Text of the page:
In a new study, Mark Gius, of Quinnipiac University’s Department of Economics, has found that between 1980 and 2009, “states with more restrictive CCW laws had gun-related murder rates that were 10% higher” than those of other states. Gius also concluded that state “murder rates were 19.3% higher when the Federal [‘assault weapon’ and ‘large’ magazine] ban was in effect.” Gius says that more research is needed to determine whether these gun control laws contributed to, or merely coincided with, higher rates of crime.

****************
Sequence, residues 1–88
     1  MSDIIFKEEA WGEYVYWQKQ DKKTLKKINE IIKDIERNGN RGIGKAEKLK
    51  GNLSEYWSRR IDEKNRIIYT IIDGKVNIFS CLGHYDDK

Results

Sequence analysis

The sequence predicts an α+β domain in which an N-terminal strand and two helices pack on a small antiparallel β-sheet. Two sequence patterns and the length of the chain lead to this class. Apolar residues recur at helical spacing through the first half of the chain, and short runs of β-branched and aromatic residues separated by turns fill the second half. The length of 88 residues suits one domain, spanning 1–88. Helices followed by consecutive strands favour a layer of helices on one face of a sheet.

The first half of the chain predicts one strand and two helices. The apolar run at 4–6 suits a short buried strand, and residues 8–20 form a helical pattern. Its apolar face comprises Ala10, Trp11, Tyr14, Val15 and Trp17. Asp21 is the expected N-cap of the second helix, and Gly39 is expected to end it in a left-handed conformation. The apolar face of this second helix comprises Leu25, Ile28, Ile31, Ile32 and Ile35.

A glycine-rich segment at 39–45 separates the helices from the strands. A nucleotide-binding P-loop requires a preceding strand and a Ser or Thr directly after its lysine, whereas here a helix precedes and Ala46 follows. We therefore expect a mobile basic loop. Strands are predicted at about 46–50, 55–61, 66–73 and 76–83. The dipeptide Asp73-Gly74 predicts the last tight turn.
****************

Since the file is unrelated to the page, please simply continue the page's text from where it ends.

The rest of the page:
Nationally, murder rates have certainly been lower since the federal gun and magazine bans were in effect. The bans went into effect in September 1994 and expired in September 2004. During the 10 years 1995-2004, the average annual murder rate was 6.2 per 100,000 population. From 2005 to 2012, however, the average rate has been 16 percent lower, at 5.2 per 100,000.
Murder rates have also decreased as the number of Right-to-Carry (RTC) states have increased. From 1987, when Florida adopted its trend-setting Right-to-Carry law, through 2012, the share of the American population living in RTC states rose from 16 percent to 70 percent, and the nation’s murder rate decreased 43 percent.
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